Tung oil is used frequently for teak applications.
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Old 11-25-2009, 02:58 PM   #2
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RE: Choosing a Marine Varnish

Don't forget Armada. It has all of the advantages of Cetol and looks more like varnish.....nor orangy opaqueness!!! It is much clearer.
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Old 11-25-2009, 04:37 PM   #3
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RE: Choosing a Marine Varnish

We switched to Bristol about ten years ago when my wife first read about it and based on our experience so far we will never use varnish again (except over vinyl lettering since Bristol tends to soften and "eat" it).
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Old 11-25-2009, 06:50 PM   #4
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RE: Choosing a Marine Varnish

Marin,

Is Bristol epoxie?

Eric Henning
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Old 11-25-2009, 07:16 PM   #5
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Choosing a Marine Varnish

No, Bristol is a two-part urethane finish.* http://www.bristolfinish.com/* It comes in two varieties, gloss and satin.* The gloss is meant for exterior use and is extremely UV resistant.

Some people have trouble using it because when the two parts--- the urethane base and the catalyst--- are mixed together the finish is very thin, almost like diesel fuel.* If it's applied too heavily to anything other than a level surface it can sag and run.* So the trick is to apply thin coats rather than thick ones.

Bristol can be applied over cured*varnish in good condition.* It cannot be applied over wood that's had an oil finish applied in the past unless all traces of the oil are removed.* On raw wood the first coat takes awhile to cure, but subsequent coats dry quite fast, so multiple coats can be put on each day.* Bristol should also be applied over dry wood.* Any moisture in the wood can cause little bubbles to rise to the surface.* The good news is they can be sanded flat and the bubbles completely disappear with the next application.

Also, applying Bristol too late in the day so that dew or moisture forms on it before it has cured sufficiently will result in a milky finish.* But this disappears completely with the next application of Bristol.

Bristol is not a magic bullet, however.* To achieve a*lasting finish on wood that sits in the weather at least six coats are needed and more is better.* We try for ten although that's not always possible in the weather we have up here.* However, once that good base is established, under normal conditions a refresher coat should not be needed for at least two years.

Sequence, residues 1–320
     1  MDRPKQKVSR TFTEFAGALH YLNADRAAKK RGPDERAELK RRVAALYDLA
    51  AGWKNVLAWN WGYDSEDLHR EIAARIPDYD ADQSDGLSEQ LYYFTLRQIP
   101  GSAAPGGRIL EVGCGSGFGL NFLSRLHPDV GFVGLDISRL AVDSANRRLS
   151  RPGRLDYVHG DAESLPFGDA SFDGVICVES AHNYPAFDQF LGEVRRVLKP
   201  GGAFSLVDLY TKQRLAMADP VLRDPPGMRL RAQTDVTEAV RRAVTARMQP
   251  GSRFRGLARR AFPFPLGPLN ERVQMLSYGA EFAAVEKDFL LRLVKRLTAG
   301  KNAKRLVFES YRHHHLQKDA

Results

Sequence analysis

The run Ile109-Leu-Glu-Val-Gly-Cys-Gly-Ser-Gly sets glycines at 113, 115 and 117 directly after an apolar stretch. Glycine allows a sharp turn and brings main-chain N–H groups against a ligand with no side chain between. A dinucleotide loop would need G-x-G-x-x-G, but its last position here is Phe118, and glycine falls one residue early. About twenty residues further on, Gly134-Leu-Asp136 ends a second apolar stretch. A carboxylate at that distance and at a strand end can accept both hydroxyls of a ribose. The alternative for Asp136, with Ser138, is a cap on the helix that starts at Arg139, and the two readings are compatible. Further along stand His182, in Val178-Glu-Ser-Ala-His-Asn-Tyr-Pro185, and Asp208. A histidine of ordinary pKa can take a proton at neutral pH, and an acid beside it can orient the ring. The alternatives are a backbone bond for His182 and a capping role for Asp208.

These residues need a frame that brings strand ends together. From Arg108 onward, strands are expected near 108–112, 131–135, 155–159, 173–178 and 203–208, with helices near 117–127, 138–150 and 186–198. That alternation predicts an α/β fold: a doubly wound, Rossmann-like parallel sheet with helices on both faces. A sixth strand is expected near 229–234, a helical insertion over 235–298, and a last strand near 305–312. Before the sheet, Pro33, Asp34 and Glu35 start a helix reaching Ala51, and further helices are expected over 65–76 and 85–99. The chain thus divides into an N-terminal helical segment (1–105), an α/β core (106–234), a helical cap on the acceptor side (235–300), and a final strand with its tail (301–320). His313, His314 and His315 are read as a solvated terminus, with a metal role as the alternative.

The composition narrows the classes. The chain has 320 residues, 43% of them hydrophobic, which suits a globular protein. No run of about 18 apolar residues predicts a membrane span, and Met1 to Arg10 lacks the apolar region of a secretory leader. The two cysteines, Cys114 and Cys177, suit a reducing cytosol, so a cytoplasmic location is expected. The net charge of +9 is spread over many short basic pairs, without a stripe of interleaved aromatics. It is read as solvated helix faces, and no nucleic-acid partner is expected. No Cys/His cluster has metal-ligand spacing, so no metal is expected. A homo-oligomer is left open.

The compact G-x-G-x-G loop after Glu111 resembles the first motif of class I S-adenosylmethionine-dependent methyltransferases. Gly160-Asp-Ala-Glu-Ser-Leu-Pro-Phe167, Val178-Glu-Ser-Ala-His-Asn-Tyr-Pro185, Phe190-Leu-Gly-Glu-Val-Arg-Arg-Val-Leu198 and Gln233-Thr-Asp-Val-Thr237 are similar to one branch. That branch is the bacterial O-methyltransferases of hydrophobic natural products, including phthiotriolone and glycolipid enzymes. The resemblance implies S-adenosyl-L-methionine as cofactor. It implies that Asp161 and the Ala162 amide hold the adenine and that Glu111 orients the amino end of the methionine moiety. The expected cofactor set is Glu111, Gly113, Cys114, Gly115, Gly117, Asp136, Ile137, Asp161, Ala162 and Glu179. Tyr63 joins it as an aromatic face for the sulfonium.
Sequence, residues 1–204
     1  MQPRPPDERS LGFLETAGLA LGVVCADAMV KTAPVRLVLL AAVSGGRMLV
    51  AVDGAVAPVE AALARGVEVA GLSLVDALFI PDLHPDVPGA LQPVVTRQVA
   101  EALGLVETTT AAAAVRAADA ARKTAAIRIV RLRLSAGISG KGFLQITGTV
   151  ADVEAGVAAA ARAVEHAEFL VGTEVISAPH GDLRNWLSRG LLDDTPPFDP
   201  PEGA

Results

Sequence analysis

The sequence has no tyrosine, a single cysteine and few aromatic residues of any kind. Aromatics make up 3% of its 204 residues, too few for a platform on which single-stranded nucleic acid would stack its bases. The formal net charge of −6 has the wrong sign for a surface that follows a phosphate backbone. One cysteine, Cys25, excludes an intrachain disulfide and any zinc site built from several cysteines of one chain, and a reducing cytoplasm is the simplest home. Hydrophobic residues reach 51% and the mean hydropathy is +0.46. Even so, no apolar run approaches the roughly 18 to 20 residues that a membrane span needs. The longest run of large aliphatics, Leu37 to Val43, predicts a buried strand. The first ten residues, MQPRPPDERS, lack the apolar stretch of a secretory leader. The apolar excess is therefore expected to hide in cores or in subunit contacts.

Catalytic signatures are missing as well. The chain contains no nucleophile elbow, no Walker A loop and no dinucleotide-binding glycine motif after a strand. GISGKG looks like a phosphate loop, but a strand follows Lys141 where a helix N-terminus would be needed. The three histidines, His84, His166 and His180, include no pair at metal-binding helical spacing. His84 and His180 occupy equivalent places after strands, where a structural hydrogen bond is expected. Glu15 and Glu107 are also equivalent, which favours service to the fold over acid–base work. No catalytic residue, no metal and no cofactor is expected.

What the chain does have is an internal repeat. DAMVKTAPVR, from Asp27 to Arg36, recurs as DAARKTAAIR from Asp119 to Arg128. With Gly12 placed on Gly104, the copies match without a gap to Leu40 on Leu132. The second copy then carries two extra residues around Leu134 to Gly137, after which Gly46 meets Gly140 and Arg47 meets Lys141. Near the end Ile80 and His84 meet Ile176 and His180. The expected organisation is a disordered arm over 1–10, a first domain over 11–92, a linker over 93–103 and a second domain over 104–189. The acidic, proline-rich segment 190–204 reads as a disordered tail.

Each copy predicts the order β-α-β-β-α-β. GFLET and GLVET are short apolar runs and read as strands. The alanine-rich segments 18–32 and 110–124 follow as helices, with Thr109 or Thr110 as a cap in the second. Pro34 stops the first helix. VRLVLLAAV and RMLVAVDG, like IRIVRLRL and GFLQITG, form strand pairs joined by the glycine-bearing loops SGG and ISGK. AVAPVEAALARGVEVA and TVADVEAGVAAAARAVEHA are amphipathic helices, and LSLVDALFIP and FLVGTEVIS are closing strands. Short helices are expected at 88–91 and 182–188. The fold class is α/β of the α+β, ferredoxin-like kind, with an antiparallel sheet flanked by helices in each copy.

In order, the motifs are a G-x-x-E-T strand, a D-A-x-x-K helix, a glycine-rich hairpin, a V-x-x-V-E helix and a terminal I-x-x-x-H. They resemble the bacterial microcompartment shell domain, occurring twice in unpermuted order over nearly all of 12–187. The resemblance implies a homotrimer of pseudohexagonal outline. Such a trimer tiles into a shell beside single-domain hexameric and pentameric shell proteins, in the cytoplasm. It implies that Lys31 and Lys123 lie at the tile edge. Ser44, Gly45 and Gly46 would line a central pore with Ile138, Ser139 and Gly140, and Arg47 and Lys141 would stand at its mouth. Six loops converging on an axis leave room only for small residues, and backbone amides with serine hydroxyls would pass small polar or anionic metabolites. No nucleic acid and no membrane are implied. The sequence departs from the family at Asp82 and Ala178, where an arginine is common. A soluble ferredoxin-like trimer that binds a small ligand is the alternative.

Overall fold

Also, Bristol is no more resistant to moisture getting under and lifting it than varnish is.* The only proper cure for this is to remove the trim, remove the old finish, and properly*rebed the trim so the surfaces in contact with the boat and to adjacent pieces of trim are properly sealed.* I also seal the stripped wood with CPES before re-bedding and*starting to apply Bristol.

The mixing ratio of the two components is 8 parts of urethane base to 1 part of catalyst.* The can of base has a very long shelf life even after being opened.* Not so the little jar of catalyst.* Not a problem if you're doing a lot of finish work over a period of a couple of months.* I've found that I can extend the shelf life of an opened, partially empty jar of catalyst by sealing the cap with electrical tape and then storing the jar upside down.* Fortunately, the jars of catalyst can be purchased separately, so having a jar harden does not mean the partial can of base you have left cannot be used.

Brtistol is not cheap.* The basic quart package is about sixty bucks.* Varnish is significantly*cheaper to buy, but given its much shorter lifespan and the need to spend more time dealing with the brightwork, when we figure in the value of our time the Bristol is a bargain.



-- Edited by Marin on Wednesday 25th of November 2009 08:26:05 PM
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Old 11-25-2009, 09:38 PM   #6
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RE: Choosing a Marine Varnish

Dear Marin,

I feel bad. You were making this very nice post about Bristol and I was next door picking on you. I hope it makes you feel better that I feel bad. If not I guess I owe you one. And I can say that if lots of my friends had trouble w Suzuki's I probably wouldn't buy them either but first I'd take stock of how handy my friends were.
Looks like Bristol is'nt for me in Thorne Bay. Especially now that I've put teak oil on. However as I recall you can recoat w Bristol every hour so 10 coats could almost be achieved in a day. Or am I thinking of some other product? Thanks for the nice post Marin and I'll try to be less critical in the future. Before I fall all over myself perhaps I should go back and see how you responded to my comments.